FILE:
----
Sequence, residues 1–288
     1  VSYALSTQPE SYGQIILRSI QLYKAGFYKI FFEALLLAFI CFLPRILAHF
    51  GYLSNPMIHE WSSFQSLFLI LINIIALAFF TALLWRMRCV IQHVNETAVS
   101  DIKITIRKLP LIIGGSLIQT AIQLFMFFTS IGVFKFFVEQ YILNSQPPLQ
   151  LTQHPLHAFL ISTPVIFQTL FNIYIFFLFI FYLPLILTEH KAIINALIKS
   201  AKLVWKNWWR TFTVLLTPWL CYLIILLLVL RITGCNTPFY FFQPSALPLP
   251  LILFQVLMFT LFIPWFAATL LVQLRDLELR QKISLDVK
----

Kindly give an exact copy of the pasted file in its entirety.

Sequence, residues 1–288
     1  VSYALSTQPE SYGQIILRSI QLYKAGFYKI FFEALLLAFI CFLPRILAHF
    51  GYLSNPMIHE WSSFQSLFLI LINIIALAFF TALLWRMRCV IQHVNETAVS
   101  DIKITIRKLP LIIGGSLIQT AIQLFMFFTS IGVFKFFVEQ YILNSQPPLQ
   151  LTQHPLHAFL ISTPVIFQTL FNIYIFFLFI FYLPLILTEH KAIINALIKS
   201  AKLVWKNWWR TFTVLLTPWL CYLIILLLVL RITGCNTPFY FFQPSALPLP
   251  LILFQVLMFT LFIPWFAATL LVQLRDLELR QKISLDVK